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Olfactory Discrimination Ability of Asian Elephants (Elephas maximus) forStructurally Related Odorants
Linköping University, Department of Physics, Chemistry and Biology, Biology. Linköping University, The Institute of Technology.
Linköping University, Department of Physics, Chemistry and Biology, Biology. Linköping University, The Institute of Technology.
Linköping University, Department of Physics, Chemistry and Biology, Zoology. Linköping University, The Institute of Technology.ORCID iD: 0000-0001-5583-2697
2013 (English)In: Chemical Senses, ISSN 0379-864X, E-ISSN 1464-3553, Vol. 38, no 2, 107-118 p.Article in journal (Refereed) Published
Abstract [en]

Using a food-rewarded two-choice instrumental conditioning paradigm, we assessed the ability of Asian elephants, Elephasmaximus, to discriminate between 2 sets of structurally related odorants. We found that the animals successfully discriminatedbetween all 12 odor pairs involving members of homologous series of aliphatic 1-alcohols, n-aldehydes, 2-ketones,and n-carboxylic acids even when the stimuli differed from each other by only 1 carbon. With all 4 chemical classes, the elephantsdisplayed a positive correlation between discrimination performance and structural similarity of odorants in terms ofdifferences in carbon chain length. The animals also successfully discriminated between all 12 enantiomeric odor pairs tested.An analysis of odor structure–activity relationships suggests that a combination of molecular structural properties rather thana single molecular feature may be responsible for the discriminability of enantiomers. Compared with other species testedpreviously on the same sets of odor pairs (or on subsets thereof), the Asian elephants performed at least as well as miceand clearly better than human subjects, squirrel monkeys, pigtail macaques, South African fur seals, and honeybees. Furthercomparisons suggest that neither the relative nor the absolute size of the olfactory bulbs appear to be reliable predictors ofbetween-species differences in olfactory discrimination capabilities. In contrast, we found a positive correlation between thenumber of functional olfactory receptor genes and the proportion of discriminable enantiomeric odor pairs. Taken together,the results of the present study support the notion that the sense of smell may play an important role in regulating thebehavior of Asian elephants.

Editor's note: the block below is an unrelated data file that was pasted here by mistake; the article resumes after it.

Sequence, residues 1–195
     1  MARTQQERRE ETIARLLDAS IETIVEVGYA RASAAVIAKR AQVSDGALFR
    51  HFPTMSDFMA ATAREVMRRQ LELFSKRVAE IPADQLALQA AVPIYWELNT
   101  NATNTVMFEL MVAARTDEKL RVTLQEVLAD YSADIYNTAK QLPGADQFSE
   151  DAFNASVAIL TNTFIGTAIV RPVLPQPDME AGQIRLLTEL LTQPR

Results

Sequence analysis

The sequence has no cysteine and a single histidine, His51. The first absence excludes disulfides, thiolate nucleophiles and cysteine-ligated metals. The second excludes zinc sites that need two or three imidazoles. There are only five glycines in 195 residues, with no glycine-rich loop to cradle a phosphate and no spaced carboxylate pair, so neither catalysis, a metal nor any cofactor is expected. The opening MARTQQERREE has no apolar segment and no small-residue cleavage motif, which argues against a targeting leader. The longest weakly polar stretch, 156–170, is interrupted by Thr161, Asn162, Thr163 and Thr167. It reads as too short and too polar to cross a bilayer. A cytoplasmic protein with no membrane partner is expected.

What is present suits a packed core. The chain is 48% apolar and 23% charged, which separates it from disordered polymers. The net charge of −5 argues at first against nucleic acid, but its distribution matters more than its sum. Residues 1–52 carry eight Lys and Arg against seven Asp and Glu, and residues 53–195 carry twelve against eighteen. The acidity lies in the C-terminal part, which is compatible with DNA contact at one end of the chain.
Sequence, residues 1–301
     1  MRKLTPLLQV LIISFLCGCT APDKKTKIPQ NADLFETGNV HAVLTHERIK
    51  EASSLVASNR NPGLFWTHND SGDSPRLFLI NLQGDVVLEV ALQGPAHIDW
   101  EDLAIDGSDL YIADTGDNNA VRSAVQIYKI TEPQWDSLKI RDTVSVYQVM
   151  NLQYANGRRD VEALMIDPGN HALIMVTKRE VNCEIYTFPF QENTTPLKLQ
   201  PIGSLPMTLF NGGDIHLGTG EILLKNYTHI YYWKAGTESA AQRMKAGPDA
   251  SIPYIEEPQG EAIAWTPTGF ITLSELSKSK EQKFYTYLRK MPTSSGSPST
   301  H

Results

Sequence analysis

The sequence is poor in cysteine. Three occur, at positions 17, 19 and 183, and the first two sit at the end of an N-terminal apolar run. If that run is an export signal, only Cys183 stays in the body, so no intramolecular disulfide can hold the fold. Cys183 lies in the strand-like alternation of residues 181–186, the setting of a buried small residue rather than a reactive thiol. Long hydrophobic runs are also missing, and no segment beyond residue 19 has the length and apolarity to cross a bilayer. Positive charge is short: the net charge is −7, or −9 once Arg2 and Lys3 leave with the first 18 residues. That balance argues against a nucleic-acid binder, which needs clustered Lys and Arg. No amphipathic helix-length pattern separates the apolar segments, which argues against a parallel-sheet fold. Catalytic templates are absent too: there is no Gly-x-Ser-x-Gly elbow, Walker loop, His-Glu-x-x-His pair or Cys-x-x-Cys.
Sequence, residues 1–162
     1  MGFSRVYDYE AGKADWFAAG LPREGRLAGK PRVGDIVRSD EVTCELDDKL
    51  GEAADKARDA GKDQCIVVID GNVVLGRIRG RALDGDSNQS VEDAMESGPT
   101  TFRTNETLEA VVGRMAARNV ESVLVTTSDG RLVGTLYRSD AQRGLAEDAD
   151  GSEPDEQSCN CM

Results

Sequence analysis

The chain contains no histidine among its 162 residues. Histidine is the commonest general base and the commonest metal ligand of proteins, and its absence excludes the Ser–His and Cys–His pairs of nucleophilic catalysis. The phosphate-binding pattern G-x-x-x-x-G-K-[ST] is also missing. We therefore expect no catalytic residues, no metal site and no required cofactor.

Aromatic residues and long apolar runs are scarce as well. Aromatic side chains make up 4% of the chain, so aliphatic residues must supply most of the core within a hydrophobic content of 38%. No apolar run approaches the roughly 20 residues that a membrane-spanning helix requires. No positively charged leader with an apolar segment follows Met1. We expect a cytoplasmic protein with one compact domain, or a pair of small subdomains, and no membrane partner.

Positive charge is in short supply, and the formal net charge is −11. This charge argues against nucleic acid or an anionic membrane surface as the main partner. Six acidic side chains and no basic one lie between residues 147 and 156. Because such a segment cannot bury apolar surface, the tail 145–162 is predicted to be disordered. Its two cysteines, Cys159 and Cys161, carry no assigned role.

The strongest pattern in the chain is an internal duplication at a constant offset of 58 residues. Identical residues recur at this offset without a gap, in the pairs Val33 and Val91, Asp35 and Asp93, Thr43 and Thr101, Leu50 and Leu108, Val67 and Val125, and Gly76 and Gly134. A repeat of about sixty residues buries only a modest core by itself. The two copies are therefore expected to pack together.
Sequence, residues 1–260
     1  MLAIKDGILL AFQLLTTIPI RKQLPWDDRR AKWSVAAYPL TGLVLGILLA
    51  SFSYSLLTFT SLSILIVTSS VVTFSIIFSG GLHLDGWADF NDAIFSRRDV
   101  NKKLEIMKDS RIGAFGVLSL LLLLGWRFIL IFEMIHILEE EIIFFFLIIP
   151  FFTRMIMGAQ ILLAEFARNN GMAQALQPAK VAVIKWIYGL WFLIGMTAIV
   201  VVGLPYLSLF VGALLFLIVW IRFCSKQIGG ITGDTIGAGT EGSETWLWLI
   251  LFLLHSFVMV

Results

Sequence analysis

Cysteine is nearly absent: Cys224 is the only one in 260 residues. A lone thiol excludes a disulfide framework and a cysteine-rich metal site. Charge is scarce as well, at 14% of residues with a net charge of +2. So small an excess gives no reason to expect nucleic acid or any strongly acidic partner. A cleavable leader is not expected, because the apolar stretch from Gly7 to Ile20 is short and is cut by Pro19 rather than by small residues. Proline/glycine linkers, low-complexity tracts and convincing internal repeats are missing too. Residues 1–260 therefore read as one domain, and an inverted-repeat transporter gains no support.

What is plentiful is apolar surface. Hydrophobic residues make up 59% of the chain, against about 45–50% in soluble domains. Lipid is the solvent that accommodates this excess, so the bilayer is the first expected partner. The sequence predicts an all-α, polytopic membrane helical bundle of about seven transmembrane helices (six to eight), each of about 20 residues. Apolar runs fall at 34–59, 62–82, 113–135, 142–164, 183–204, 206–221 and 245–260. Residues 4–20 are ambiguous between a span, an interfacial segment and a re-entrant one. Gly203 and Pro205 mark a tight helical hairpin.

Place, publisher, year, edition, pages
Oxford: Oxford University Press, 2013. Vol. 38, no 2, 107-118 p.
Keyword [en]
aliphatic odorants, Asian elephants, Elephas maximus, enantiomers, olfactory discrimination
National Category
Natural Sciences
Identifiers
URN: urn:nbn:se:liu:diva-86975DOI: 10.1093/chemse/bjs097ISI: 000313128400001OAI: oai:DiVA.org:liu-86975DiVA: diva2:583967
Available from: 2013-01-08 Created: 2013-01-08 Last updated: 2017-12-06

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Amundin, MatsLaska, Matthias

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